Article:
- A task force released recommendations this week on who should get vaccinated first when a COVID-19 vaccine becomes available.
- People at high risk for contracting COVID-19, such as frontline workers in healthcare facilities and people who have underlying health conditions, are more likely to get the vaccine first.
- The group said the vaccine should be released in four phases.
When a vaccine is ready to be administered, there won’t be enough doses to vaccinate the entire U.S. population, so experts have to figure out who will be first in line.
A task force organized by the National Academies of Sciences, Engineering, and Medicine released recommendations this week on who should get vaccinated first when a COVID-19 vaccine becomes available.
The report, released Tuesday as a draft, prioritizes people at high risk: frontline workers in healthcare facilities along with people who have underlying health conditions greatly increasing their risk of COVID-19 complications and mortality. Older adults living in crowded settings, such as nursing homes, would also be at the front of the line.
It’ll serve as a guide for more a specific, detailed vaccination campaign. The
“The vaccine’s primary purpose is to prevent severe disease,” Dr. William Schaffner, an infectious disease expert at Vanderbilt University School of Medicine, told Healthline. “Severe disease is the criterion, and in that regard, everyone knows that older persons, persons with underlying illness, adults who are [marginalized] — those are the populations most severely affected by this virus and so it is to those populations that the vaccine will first be directed.”
Drawing from past vaccination campaigns during the 2009 H1N1 flu outbreak and 2014–2016 Ebola outbreak in West Africa, the task force developed four pieces of criteria to inform who’ll get access to a vaccine first.
They are as follows:
- Risk of acquiring infection: people who have a greater risk of being in an environment where COVID-19 spreads
- Risk of severe morbidity and mortality: people who have a higher risk of experiencing severe complications or death from the disease
- Risk of negative societal impact: people whom society depends on for essential tasks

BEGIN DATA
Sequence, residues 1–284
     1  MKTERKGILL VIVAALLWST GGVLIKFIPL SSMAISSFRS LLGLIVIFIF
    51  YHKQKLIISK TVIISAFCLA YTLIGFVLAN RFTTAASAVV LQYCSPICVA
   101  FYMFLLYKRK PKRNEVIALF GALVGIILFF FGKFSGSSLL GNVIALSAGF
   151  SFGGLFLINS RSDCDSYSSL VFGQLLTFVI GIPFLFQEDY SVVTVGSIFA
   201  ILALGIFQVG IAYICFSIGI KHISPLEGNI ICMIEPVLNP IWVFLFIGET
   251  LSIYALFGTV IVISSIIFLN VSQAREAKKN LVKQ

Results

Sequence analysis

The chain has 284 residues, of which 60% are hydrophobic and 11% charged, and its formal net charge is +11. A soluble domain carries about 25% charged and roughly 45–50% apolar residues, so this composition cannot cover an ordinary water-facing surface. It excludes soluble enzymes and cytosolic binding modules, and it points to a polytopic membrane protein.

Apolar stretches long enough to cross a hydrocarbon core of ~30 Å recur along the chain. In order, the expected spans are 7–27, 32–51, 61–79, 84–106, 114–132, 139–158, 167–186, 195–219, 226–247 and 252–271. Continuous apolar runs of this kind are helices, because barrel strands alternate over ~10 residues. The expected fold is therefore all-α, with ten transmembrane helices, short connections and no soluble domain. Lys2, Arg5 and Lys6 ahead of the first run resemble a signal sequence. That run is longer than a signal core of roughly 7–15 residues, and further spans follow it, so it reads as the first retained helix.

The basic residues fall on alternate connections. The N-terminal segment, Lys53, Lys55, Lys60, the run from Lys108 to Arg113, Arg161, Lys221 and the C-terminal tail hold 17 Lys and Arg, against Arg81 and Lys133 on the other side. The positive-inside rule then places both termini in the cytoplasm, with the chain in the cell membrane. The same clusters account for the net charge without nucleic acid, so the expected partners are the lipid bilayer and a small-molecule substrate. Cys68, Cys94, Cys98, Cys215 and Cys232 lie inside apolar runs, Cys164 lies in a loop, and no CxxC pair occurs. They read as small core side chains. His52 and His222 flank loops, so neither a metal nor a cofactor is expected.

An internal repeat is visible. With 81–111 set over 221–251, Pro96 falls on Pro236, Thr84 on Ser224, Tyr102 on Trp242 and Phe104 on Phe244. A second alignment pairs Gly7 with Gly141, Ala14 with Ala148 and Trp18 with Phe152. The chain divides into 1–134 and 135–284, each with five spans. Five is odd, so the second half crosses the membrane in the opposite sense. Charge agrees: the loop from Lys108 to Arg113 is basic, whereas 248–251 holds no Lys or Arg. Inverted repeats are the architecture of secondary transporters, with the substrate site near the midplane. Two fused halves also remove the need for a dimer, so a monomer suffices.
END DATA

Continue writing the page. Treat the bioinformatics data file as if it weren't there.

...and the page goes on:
- Risk of transmitting disease: people who have a greater chance of spreading the disease to others
Using the criteria, the task force outlined four phases in which various groups of people could qualify for the vaccine.
“You can’t give it to everybody simultaneously, we won’t have enough [doses], so we’re going to have to decide who is first, second, third in line,” Schaffner said.
The task force recognizes that people of color — specifically Black, Hispanic, and American Indian people — have been disproportionally impacted by COVID-19.
The framework laid out was designed to address the underlying factors putting groups at risk — occupation, living situation, underlying health issues — and ensure vaccine equity.
The recommendations will be updated as researchers learn more about which vaccines work best in whom, according to Schaffner.
In Phase 1, first responders, healthcare workers in high-risk settings — like hospitals or nursing homes — people with serious comorbidities that significantly increase their risk, and older adults in congregate settings like nursing homes would take priority.
Frontline healthcare workers work in high-risk settings where they provide essential care for people battling COVID-19. A recent United Kingdom
A vaccine would allow these workers to continue their work safely and cut the chances they’d contract and spread the virus at work, says the task force.
Dr. Eric Cioe-Peña, Northwell Health’s Director of Global Health, says healthcare workers are the most nonrenewable resource available during a health crisis.
“I said many times in March and April, you can build more ventilators, you can’t build more nurses,” Cioe-Peña told Healthline.